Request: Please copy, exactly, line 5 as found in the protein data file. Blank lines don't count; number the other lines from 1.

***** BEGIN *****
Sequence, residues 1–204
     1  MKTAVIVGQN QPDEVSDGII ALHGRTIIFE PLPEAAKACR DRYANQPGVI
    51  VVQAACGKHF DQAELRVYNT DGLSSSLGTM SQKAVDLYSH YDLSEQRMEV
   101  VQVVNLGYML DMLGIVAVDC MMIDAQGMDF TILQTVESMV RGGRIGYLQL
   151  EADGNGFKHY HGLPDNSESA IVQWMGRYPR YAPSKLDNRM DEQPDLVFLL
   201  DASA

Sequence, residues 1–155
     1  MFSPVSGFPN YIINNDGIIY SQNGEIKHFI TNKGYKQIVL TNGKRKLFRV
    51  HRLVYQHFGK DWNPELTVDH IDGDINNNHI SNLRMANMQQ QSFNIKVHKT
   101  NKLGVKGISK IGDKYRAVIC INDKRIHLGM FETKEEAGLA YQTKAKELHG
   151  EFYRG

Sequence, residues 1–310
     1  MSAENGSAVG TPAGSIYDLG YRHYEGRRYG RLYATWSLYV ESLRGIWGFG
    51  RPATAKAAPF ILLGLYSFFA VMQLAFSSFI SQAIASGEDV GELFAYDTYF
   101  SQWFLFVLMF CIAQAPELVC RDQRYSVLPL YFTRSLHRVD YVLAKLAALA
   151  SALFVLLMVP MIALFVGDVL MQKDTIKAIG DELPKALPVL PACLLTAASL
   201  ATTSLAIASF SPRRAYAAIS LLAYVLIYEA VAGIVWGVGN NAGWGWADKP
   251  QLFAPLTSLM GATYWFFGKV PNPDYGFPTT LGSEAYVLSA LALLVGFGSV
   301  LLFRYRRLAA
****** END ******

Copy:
   151  EADGNGFKHY HGLPDNSESA IVQWMGRYPR YAPSKLDNRM DEQPDLVFLL